House Committee Passes Social Security Number Protection Act
|August 4, 2006|
The Social Security Number Protection Act (H.R. 1078), |
Washington, DC -- The House Energy and Commerce Committee passed legislation to protect Social Security numbers this week. This bipartisan bill, The Social Security Number Protection Act (H.R. 1078), would bring a halt to unregulated commerce in Social Security numbers, and would make it crime for a person to sell or purchase Social Security numbers in violation of rules put forth by the Federal Trade Commission (FTC). The FTC would be given the power to restrict the sale of Social Security numbers, determine appropriate exemptions, and to enforce civil compliance with the bill’s restrictions.
The bill, first introduced in 2000 by Rep. Ed Markey (D-MA), in response to a horrific case in which when a man named Liam Youens was stalking a 21-year old New Hampshire woman named Amy Boyer. Youens reportedly purchased Amy Boyer’s Social Security number from an Internet Web site for $45. Using this information, he was able to track her down, a process that he chillingly detailed on an Internet Web site that he named after his target. Finally, this demented stalker fatally shot Amy Boyer in front of the dental office where she worked, and then killed himself.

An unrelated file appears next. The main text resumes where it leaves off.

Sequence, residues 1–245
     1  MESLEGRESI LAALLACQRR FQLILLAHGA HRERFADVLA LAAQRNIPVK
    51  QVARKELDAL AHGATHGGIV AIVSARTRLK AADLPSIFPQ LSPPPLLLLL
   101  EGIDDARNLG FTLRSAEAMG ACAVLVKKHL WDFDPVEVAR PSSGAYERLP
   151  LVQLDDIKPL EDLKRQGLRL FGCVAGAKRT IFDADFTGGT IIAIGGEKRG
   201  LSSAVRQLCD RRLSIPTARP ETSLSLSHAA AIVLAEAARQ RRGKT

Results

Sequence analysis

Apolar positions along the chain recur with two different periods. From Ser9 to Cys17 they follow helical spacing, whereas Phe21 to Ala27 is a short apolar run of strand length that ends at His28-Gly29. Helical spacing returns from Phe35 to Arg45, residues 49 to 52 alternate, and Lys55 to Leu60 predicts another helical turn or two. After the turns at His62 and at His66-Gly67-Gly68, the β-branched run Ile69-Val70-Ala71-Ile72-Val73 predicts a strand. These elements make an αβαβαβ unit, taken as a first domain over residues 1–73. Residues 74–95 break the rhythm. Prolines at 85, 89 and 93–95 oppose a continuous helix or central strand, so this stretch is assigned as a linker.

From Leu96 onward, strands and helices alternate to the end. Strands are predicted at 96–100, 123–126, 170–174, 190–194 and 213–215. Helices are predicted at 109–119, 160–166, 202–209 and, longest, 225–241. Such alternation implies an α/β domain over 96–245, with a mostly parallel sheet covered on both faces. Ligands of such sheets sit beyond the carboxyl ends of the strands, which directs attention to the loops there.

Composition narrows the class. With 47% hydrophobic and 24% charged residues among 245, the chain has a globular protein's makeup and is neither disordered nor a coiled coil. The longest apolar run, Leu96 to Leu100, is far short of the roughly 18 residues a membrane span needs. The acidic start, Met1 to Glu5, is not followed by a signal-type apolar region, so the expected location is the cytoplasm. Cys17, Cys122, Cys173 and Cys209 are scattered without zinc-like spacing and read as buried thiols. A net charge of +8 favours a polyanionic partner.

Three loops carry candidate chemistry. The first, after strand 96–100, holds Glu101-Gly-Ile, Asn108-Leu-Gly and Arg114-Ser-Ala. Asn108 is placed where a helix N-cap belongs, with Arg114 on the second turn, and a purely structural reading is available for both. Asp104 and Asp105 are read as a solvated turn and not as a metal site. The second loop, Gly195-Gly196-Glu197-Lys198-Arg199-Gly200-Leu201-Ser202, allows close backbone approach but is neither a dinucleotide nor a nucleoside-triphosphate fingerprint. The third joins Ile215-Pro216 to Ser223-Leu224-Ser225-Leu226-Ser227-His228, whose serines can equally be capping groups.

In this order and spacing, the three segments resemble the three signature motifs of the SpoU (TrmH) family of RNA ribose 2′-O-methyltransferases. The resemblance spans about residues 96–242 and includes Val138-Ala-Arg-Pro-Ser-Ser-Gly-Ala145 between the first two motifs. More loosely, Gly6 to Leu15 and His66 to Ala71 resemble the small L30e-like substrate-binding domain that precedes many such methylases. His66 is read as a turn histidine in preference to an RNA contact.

“The terrible tragedy of Amy Boyer’s murder underscores the fact that while the Social Security number was originally used simply to collect Social Security taxes and distribute checks, it has over the years evolved into a ubiquitous national personal identification number which is subject to misuse and abuse. The unregulated sale and purchase of these numbers is a significant factor in a growing range of illegal activities, including fraud, identity theft, and tragically, stalkings and tragically, even murders,” Markey said.
A simple Internet search in which one enters the words “Social Security Numbers,” will turn up links to dozens of web sites that offer to provide you, for a fee, Social Security numbers for other citizens, or to link up a Social Security number that you might have with a name, address and telephone number. The data-mining firms and private detective agencies that offer these services are accessing information from the databases of credit bureaus, financial services companies, data brokers, or other commercial firms. The Markey bill would empower the Federal Trade Commission to issue and enforce regulations restricting such commercial sales and uses of the Social Security Number in order to protect the public from identity thieves, stalkers, and other criminals who seek access to the number.